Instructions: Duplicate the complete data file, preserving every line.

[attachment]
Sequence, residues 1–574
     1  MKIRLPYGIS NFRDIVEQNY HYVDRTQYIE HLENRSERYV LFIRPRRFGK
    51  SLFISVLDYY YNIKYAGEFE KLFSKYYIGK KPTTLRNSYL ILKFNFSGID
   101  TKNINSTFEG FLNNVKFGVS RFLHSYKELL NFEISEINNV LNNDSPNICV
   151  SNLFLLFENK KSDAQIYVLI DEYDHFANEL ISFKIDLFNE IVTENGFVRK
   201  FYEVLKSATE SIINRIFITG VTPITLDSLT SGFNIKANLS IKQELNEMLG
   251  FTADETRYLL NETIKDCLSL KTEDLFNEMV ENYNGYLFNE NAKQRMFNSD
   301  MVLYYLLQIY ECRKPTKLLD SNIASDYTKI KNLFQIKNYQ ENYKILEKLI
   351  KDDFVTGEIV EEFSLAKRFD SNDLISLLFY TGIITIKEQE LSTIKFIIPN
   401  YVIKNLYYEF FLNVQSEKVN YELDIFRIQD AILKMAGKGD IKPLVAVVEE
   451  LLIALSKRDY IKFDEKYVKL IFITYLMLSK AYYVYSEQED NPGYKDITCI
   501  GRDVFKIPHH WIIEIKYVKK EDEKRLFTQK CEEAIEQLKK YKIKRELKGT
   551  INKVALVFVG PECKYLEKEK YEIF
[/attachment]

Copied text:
Sequence, residues 1–574
     1  MKIRLPYGIS NFRDIVEQNY HYVDRTQYIE HLENRSERYV LFIRPRRFGK
    51  SLFISVLDYY YNIKYAGEFE KLFSKYYIGK KPTTLRNSYL ILKFNFSGID
   101  TKNINSTFEG FLNNVKFGVS RFLHSYKELL NFEISEINNV LNNDSPNICV
   151  SNLFLLFENK KSDAQIYVLI DEYDHFANEL ISFKIDLFNE IVTENGFVRK
   201  FYEVLKSATE SIINRIFITG VTPITLDSLT SGFNIKANLS IKQELNEMLG
   251  FTADETRYLL NETIKDCLSL KTEDLFNEMV ENYNGYLFNE NAKQRMFNSD
   301  MVLYYLLQIY ECRKPTKLLD SNIASDYTKI KNLFQIKNYQ ENYKILEKLI
   351  KDDFVTGEIV EEFSLAKRFD SNDLISLLFY TGIITIKEQE LSTIKFIIPN
   401  YVIKNLYYEF FLNVQSEKVN YELDIFRIQD AILKMAGKGD IKPLVAVVEE
   451  LLIALSKRDY IKFDEKYVKL IFITYLMLSK AYYVYSEQED NPGYKDITCI
   501  GRDVFKIPHH WIIEIKYVKK EDEKRLFTQK CEEAIEQLKK YKIKRELKGT
   551  INKVALVFVG PECKYLEKEK YEIF